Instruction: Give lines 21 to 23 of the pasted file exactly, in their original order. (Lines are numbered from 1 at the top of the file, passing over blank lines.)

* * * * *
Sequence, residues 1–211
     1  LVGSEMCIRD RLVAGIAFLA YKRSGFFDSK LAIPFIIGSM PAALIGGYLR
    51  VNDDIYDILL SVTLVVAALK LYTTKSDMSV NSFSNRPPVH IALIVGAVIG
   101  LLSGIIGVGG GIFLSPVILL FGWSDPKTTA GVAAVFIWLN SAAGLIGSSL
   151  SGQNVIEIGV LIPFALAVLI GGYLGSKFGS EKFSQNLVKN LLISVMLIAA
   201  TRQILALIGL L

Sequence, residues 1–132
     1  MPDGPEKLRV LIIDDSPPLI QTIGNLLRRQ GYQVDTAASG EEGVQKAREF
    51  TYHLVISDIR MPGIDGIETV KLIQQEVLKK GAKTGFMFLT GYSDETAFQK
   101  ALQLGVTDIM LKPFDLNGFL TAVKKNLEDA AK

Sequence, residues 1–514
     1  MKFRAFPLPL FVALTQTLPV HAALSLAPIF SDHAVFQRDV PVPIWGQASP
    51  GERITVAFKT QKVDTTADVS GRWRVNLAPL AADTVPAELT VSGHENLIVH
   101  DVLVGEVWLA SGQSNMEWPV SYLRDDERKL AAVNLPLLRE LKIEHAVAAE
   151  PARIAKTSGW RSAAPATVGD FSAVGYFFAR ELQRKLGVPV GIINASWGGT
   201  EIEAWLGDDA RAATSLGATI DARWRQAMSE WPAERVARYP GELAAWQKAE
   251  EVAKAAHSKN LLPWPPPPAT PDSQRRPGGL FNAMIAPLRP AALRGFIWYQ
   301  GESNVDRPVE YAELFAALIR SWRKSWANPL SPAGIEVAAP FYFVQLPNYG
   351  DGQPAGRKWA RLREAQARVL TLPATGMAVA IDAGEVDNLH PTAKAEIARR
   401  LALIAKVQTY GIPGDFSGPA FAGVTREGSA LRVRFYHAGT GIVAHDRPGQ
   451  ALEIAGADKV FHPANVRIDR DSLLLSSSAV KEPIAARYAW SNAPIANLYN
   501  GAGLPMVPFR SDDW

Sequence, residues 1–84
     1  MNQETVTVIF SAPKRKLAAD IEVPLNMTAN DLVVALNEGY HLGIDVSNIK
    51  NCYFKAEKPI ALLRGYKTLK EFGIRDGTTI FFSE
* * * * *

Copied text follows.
   451  ALEIAGADKV FHPANVRIDR DSLLLSSSAV KEPIAARYAW SNAPIANLYN
   501  GAGLPMVPFR SDDW

Sequence, residues 1–84